From country to another, Syrian refugee Josef Majade was able to make his way to Europe with his little family to escape death in his home country.
Reaching Hungary, he was not able to continue the journey after he was separated from three members of his family during the dangerous journey.
“Some days I just get cold, and I wonder if they are cold, and then I burn on the inside,” Josef Majade told Washington Post.
The situation was not the same two weeks ago when he was in his home in Damascus when his friend knocked on his door and told him to be careful.
Getting separated from his wife, his only daughter, 13, and his youngest son, who is five, he cannot move forward in his journey to Germany.
Over the past four days, he has been waiting against a heating vent at the Keleti railway station in the Hungarian capital Budapest.
“How could I start a new life without them? I feel so much shame,” he said.
Close to the Keleti railway station, volunteers have been working in a tent to bring little joy with music from local guitarists and crayons for children.
Among some smiling faces, many had their dream changed after getting separated from their families.
Yet, police officials near the border said they do not know how many families have been separated.
“We just don’t know where they are,” said Zsuzsanna Zohar, a spokeswoman for Migration Aid, an organisation helping refugees, at the train station.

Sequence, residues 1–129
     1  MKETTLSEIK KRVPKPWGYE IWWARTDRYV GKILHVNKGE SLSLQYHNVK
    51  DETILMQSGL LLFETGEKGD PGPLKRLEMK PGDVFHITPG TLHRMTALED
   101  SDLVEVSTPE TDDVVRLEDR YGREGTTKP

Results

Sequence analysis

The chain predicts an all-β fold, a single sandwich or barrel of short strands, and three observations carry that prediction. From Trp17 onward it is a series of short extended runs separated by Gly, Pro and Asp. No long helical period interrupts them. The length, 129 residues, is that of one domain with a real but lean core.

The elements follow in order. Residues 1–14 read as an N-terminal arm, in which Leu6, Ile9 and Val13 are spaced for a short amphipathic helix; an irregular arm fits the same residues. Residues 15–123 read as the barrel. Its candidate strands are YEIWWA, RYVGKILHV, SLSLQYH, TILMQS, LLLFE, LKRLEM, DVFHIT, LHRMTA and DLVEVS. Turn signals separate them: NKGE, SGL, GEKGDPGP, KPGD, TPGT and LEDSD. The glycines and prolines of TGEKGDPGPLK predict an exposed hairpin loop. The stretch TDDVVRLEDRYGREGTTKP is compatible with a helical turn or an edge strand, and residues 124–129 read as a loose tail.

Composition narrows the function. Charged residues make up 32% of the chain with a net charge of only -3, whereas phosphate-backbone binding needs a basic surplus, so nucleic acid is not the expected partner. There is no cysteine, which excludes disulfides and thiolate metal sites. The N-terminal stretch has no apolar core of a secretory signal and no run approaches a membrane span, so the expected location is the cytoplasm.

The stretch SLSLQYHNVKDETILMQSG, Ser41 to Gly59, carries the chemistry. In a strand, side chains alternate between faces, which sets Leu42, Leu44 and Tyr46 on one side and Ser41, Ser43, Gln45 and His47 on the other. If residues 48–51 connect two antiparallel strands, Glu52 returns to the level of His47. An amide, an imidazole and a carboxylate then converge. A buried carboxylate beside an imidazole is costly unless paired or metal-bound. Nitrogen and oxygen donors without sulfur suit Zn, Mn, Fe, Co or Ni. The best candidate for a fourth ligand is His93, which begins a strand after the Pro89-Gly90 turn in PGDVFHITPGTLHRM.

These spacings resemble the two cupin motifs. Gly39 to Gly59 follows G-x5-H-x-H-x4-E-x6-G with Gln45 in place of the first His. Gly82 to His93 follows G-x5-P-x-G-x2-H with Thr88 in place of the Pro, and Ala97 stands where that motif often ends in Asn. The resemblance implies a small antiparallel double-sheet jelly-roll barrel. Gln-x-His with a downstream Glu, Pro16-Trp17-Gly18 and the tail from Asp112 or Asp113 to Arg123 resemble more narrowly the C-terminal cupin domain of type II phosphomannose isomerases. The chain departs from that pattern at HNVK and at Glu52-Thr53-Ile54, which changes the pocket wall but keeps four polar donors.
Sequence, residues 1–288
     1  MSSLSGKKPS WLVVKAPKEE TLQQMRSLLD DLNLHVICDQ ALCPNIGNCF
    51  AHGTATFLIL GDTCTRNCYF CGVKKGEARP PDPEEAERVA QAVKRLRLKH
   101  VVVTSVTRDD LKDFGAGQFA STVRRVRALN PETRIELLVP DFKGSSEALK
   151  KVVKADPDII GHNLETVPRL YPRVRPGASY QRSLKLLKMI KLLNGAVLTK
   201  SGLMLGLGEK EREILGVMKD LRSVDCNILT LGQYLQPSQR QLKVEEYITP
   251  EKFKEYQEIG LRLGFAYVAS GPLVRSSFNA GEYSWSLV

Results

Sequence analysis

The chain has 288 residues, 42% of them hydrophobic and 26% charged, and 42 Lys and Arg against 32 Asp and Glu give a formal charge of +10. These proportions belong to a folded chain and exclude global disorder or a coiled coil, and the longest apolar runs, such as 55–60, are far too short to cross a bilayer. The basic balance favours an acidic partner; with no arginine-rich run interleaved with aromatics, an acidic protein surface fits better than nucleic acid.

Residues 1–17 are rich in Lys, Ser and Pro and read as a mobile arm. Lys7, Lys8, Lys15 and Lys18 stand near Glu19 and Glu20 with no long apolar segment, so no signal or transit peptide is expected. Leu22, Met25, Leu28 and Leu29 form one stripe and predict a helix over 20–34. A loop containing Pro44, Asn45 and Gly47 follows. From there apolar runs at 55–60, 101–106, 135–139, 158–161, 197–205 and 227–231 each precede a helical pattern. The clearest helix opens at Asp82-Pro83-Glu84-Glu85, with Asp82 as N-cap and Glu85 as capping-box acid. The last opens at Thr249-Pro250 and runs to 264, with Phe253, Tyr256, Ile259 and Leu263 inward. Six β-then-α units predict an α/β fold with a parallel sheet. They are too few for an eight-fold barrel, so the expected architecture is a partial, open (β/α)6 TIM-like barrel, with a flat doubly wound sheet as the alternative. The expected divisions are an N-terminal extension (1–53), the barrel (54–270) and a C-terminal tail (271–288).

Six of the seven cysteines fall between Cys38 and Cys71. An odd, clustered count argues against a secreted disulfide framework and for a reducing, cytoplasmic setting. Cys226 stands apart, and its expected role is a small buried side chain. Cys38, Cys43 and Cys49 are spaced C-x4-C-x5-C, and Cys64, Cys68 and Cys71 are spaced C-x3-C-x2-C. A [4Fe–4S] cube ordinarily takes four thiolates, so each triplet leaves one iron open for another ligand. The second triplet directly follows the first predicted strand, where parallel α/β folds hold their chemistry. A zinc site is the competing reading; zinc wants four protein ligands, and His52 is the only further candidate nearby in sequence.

“Immigration authorities have been too overwhelmed to track them.”
As trains keep coming and leaving, many refugees stay in their places waiting for a spark of hope.
Majade’s spark of hope came on the fourth day after a volunteer at Keleti named Lobna El Gaby, 25, was on Facebook when she saw an unusual notice under Majade’s picture.
“I am at Gyor train station with his family now,” the commenter wrote, with a picture of Catherine, his daughter Judy, his son Jude and his nephew. They were safe.
Showing him the picture, the desperate father said, “Thank you, everyone,” as tears ran down his face.
As volunteers bought him a ticket, the noon train to Gyor arrived, and this time Majade could climb aboard.
Some 350,000 migrants have made the perilous journey to reach Europe’s shores since January this year, according to figures released by the International Organization for Migration (IOM) on Tuesday.
The IOM said more than 2,600 migrants had drowned trying to cross the Mediterranean in the same period. ONISLAM